Machine learning with Python: An introduction

Find out why developers are choosing Python for machine learning--with and without Java

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Listing 3.

import pickle
from sklearn.linear_model import LinearRegression
class HousePriceEstimator:
    def __init__(self):
        self.model = LinearRegression()
    def extract_core_features_list(self, house_list):
        features_list = []
        for house in house_list:
        return features_list
    def extract_core_features(self, house):
        # returns the most relevant features as numeric values
        return [house['MSSubClass'],
    def train(self, house_list, price_list):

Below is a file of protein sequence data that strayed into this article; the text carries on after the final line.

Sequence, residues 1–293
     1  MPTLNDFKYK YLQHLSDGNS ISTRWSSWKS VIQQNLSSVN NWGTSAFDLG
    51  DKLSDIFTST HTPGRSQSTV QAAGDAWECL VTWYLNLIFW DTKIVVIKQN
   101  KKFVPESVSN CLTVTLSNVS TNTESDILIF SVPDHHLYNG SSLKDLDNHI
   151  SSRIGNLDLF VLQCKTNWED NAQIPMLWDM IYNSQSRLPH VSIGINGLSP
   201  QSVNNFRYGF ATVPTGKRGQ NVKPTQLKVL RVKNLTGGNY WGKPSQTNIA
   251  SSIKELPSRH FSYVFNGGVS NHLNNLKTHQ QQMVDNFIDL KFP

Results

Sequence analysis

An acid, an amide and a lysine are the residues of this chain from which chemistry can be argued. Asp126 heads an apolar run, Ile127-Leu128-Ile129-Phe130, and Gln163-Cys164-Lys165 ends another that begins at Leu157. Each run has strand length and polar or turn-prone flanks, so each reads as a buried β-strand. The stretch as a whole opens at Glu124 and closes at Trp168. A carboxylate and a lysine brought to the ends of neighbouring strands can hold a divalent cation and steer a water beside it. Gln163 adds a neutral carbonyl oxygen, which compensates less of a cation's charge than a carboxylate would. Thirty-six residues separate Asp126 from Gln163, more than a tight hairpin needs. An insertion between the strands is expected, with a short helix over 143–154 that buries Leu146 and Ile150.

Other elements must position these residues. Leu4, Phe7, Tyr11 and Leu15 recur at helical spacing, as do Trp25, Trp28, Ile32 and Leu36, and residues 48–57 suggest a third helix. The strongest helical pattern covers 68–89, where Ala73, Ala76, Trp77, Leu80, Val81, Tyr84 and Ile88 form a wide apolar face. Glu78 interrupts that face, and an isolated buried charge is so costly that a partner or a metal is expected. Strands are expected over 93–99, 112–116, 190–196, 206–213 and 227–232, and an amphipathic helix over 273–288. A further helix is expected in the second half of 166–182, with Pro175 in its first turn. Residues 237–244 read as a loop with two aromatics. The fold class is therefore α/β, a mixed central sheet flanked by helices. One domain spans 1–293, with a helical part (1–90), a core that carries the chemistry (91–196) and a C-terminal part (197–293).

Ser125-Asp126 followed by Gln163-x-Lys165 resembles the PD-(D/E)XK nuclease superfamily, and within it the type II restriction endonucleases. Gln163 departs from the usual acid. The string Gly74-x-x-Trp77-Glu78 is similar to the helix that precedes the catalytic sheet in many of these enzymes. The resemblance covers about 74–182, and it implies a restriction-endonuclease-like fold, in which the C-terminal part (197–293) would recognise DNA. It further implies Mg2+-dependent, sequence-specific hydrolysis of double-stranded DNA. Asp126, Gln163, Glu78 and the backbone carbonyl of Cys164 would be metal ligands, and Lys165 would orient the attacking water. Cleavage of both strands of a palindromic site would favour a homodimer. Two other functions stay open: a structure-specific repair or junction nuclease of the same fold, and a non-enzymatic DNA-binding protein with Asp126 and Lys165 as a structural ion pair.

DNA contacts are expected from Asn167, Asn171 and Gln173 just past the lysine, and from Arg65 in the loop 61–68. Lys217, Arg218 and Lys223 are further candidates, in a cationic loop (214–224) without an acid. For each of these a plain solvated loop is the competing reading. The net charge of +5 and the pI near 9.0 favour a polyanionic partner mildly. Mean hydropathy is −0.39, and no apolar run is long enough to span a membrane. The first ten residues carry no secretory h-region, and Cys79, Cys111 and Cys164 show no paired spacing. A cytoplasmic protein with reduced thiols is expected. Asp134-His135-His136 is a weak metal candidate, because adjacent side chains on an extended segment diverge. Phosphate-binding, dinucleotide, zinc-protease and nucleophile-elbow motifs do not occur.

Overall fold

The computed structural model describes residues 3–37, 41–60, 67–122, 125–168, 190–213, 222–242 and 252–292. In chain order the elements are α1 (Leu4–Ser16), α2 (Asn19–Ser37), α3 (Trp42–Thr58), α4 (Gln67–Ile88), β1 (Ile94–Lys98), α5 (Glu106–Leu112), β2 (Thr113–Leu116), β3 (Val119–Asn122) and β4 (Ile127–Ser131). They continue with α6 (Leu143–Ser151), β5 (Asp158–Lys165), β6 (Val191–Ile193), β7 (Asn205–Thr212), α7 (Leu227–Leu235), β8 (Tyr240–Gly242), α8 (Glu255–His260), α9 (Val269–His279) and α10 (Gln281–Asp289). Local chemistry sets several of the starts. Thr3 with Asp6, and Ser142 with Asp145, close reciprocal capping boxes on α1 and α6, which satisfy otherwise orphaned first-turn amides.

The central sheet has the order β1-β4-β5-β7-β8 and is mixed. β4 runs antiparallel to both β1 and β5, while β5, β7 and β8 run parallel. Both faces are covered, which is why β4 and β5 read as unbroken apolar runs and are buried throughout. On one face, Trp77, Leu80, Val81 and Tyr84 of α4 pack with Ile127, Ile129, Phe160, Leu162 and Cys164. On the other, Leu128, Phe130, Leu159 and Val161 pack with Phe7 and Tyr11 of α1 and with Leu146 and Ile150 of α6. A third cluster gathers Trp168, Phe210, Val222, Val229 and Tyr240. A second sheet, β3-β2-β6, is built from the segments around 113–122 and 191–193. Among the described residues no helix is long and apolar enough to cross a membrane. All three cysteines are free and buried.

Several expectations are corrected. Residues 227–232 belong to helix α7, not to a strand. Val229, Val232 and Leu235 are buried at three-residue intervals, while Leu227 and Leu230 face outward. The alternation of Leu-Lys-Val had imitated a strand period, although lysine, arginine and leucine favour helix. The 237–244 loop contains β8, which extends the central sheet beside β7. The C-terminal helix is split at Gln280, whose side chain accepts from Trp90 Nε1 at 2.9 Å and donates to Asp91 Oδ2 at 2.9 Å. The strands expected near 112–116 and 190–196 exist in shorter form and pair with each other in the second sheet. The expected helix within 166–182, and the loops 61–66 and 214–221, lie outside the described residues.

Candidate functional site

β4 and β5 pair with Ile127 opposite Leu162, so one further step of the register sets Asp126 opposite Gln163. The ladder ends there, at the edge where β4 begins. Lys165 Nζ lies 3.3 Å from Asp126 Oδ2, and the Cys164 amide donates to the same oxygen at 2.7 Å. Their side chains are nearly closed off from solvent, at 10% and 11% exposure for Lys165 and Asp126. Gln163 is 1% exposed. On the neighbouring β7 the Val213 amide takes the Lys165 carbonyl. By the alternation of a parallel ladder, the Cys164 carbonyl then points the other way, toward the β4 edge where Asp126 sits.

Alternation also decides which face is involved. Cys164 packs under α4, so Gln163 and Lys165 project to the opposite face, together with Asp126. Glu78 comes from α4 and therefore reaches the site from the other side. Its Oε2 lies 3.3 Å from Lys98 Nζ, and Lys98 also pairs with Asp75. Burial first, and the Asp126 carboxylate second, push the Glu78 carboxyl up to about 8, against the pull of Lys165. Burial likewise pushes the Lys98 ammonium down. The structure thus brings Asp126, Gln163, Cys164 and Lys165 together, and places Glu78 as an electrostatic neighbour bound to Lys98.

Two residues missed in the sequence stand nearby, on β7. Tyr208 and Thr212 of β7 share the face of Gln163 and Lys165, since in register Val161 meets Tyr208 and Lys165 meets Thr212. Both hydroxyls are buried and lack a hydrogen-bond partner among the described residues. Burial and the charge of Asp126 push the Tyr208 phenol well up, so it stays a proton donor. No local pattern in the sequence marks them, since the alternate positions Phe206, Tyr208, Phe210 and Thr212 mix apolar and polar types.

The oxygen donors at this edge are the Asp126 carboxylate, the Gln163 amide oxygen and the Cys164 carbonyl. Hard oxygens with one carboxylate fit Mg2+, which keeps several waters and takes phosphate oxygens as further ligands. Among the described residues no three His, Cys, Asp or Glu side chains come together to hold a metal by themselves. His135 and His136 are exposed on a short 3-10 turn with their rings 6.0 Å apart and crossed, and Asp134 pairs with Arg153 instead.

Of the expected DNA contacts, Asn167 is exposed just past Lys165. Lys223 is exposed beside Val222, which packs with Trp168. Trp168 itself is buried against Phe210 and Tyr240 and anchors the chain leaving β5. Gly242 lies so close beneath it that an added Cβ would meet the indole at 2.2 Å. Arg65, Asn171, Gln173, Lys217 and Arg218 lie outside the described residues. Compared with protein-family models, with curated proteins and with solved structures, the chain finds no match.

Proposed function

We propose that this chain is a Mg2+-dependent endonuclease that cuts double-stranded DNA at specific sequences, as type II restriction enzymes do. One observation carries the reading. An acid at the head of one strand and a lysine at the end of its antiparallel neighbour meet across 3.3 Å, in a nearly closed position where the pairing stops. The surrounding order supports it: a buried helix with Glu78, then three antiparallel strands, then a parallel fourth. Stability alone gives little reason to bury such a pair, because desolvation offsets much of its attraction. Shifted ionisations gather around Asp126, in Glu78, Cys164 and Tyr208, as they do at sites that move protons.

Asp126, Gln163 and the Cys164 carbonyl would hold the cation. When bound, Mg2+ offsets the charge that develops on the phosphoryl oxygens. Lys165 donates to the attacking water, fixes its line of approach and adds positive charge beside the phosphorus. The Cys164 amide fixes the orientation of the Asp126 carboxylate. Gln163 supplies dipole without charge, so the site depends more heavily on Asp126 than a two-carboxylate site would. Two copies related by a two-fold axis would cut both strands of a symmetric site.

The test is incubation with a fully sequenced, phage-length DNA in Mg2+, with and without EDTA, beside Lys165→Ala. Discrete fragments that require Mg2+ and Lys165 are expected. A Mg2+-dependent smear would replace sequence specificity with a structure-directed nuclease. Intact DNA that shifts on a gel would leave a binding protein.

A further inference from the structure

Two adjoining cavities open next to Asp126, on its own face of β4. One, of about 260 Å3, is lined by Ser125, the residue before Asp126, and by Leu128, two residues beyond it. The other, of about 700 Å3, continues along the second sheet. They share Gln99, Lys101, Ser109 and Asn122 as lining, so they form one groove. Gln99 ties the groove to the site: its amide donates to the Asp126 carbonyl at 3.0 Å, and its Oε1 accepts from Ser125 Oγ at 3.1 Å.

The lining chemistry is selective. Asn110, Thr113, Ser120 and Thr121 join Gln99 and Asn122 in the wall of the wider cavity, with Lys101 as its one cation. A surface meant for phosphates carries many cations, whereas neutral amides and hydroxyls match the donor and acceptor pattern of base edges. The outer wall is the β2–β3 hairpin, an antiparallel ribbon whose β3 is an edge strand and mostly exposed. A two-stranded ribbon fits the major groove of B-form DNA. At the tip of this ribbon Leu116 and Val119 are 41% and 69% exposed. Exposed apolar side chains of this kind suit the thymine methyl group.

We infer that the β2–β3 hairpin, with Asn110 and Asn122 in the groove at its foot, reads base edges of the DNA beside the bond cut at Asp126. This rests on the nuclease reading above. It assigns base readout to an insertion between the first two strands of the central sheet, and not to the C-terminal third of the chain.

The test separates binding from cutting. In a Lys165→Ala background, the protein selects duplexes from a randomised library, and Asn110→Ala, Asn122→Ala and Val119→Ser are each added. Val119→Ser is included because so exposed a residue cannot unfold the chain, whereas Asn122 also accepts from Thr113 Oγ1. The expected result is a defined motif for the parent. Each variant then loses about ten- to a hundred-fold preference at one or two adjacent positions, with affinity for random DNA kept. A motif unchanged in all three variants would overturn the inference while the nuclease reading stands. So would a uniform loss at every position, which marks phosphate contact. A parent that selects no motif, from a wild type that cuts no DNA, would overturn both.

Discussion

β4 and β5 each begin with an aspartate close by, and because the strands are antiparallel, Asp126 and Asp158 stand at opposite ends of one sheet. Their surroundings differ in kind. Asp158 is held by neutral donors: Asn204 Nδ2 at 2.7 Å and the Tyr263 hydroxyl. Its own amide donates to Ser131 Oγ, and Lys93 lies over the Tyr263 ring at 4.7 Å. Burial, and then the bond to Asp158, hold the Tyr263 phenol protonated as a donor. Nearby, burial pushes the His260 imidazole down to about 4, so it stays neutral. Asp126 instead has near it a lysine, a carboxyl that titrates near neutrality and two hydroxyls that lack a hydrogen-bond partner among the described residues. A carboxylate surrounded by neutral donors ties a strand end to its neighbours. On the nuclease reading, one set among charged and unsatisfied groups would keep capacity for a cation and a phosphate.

features_list = self.extract_core_features_list(house_list), price_list)
    def predict_prices(self, house_list):
        features_list = self.extract_core_features_list(house_list)
        return self.model.predict(features_list)  # returns the predicted price_list
    def save(self, model_filename):
        pickle.dump(self.model, open(model_filename, 'wb'))
    def load(model_filename):
        estimator = HousePriceEstimator()
        estimator.model = pickle.load(open(model_filename, 'rb'))
        return estimator

The extract_core_features() method is part of the HousePriceEstimator class. This class encapsulates the machine learning model by providing methods to support model training and prediction, as well as saving and restoring the model. Internally, the model uses the Scikit-learn library, which is a collection of advanced machine learning algorithms for Python.